Faith-Based Consortium Receives $8.2 Million Grant to Tackle HIV/AIDS Pandemic

The Association of Evangelical Relief and Development Organizations (AERDO) has won an $8.2 million, five-year federal grant aimed at preventing the spread of HIV/AIDS. The funding, which comes from the President’s Emergency Plan for AIDS Relief (PEPFAR), will mobilize faith-based and community organizations to help millions of youth and hundreds of thousands of adults avoid behaviors that increase their chances of contracting the deadly infection.

Phoenix-based Food for the Hungry, one of nine faith-based organizations working together to assemble a positive, proactive response to the HIV/AIDS pandemic, requested the funds from PEPFAR in an effort to support AERDO—to which the nine agencies are members of. Though PEPFAR—a $15 billion federal government initiative—currently focuses on 15 countries around the world that currently experience the greatest HIV/AIDS prevalence, the grant emphasizes abstinence-based education in three African countries and Haiti.

The program, officially titled, “Healthy Choices Leading to Life: Improving Sexual Behavior of Youth in Ethiopia, Haiti, Mozambique and Nigeria,” will see Food for the Hungry lead work in Ethiopia and Mozambique, while the Christian Reformed World Relief Committee for HIV/AIDS oversees work in Nigeria, and World Concern coordinates the work in Haiti. Other partners—Nazarene Compassionate Ministries, Operation Blessing International, World Hope International, Salvation Army World Service Organization, Medical Ambassadors International, and MAP International—will be part of the orphans and vulnerable children (OVC) program.

The United States Agency for International Development (USAID) will oversee the program.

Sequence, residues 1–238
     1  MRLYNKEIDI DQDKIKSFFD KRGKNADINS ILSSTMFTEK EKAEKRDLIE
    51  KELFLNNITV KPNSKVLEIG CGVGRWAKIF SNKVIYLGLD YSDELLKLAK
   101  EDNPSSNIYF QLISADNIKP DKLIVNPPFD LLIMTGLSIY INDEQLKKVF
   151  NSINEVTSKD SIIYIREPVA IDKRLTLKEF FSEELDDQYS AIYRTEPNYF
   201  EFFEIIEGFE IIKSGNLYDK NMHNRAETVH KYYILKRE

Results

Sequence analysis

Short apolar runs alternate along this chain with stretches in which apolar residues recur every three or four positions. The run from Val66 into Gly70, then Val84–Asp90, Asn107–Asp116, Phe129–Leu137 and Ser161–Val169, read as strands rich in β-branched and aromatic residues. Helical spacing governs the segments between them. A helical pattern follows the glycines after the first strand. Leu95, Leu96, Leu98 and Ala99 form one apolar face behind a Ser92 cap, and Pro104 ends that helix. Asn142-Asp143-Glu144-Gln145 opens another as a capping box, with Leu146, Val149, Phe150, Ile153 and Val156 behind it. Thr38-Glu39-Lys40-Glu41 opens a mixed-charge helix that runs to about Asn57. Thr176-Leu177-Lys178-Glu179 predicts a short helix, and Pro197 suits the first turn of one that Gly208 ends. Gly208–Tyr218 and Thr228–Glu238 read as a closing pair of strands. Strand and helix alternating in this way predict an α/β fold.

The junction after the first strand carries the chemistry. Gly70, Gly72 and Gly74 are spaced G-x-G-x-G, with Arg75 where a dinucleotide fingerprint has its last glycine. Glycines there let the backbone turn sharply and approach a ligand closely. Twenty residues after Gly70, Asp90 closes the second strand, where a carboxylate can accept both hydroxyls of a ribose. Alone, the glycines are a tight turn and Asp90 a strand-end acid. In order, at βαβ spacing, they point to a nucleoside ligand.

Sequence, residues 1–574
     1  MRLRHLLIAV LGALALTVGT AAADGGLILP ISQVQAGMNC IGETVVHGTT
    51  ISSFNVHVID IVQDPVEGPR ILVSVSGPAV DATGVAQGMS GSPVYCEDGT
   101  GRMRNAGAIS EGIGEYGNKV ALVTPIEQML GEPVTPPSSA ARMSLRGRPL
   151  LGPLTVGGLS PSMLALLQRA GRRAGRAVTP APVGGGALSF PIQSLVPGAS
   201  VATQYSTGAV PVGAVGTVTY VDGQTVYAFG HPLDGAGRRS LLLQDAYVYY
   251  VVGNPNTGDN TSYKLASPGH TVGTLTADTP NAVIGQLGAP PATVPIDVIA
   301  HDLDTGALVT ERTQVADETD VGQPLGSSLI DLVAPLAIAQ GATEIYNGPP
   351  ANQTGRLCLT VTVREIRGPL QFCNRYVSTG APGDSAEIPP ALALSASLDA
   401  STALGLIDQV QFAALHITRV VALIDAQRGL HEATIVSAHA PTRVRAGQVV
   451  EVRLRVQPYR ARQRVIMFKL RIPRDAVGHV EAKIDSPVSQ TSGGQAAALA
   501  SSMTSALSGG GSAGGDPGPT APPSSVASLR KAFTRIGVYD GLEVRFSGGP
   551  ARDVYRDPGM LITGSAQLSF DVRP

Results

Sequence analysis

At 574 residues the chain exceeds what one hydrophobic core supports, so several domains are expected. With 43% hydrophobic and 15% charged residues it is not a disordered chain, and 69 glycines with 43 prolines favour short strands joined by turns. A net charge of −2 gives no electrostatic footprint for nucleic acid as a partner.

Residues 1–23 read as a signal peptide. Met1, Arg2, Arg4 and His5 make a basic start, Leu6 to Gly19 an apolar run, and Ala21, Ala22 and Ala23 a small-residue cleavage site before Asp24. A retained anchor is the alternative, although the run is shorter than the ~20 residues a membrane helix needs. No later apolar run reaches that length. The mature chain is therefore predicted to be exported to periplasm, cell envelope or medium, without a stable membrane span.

“Doing something about HIV/AIDS is something that organizations and even nations can unify around,” said Ben Homan, president of Food for the Hungry. “The disease is a ruthless and a common enemy. Not only do we rally together to defeat HIV/AIDS, but we hope that our common ground can likewise lead to solving more of the serious issues that face the world today.”

“As terrible as the HIV/AIDS toll is—and an awful as it yet still could become—we stand at a moment of opportunity that could tear down past barriers and divisions,” he added.

Africa, the continent hardest hit by the AIDS epidemic, has seen the ravaging disease claim nearly 30 million of the world’s 40 million victims. Particularly impacted are young people, who typically begin sexual activity up to a year prior to marriage. Food for the Hungry reports that people between the ages of 15 and 24 account for half of all new infections.

“If these young people can be persuaded to postpone sexual activity for even a year, this will significantly impact the health and well-being of thousands of adolescents, not to mention help curtail the spread of the devastating disease,” the relief and development agency stated.

And so the program aims to educate younger youth in skills needed to avoid contracting HIV, promote healthy standards and behaviors within communities, reinforce the positive role parents and other protective influences can play in the lives of youth, and address issues of sexual coercion, violence, and exploitation of youth.

Food for the Hungry reports that about half the money is earmarked for promoting abstinence in youth, with faithfulness in marriage and reduction of unhealthy behaviors receiving 35 and 15 percent of the funds, respectively.

Homan, who is also part of the AERDO Executive Committee, commented, “Just as Christians in other eras and places have pioneered care for lepers and responses to plagues and epidemics, the time has come for the western-based church to respond to HIV/AIDS.”

“One of the powerful, leveraging parts of this grant is how it will help mobilize even more volunteers and other private donations to take on this tough but needed task,” Homan said, adding that the journey is now just beginning. “Much work is set before us—and we have only begun to scratch the surface of the most serious humanitarian crisis (HIV/AIDS) now facing the world.”

This grant, along with a PEPFAR $10 million grant for orphans and vulnerable children (OVC), brings the total to nearly $18.2 million federal funding for the AERDO faith-based consortium.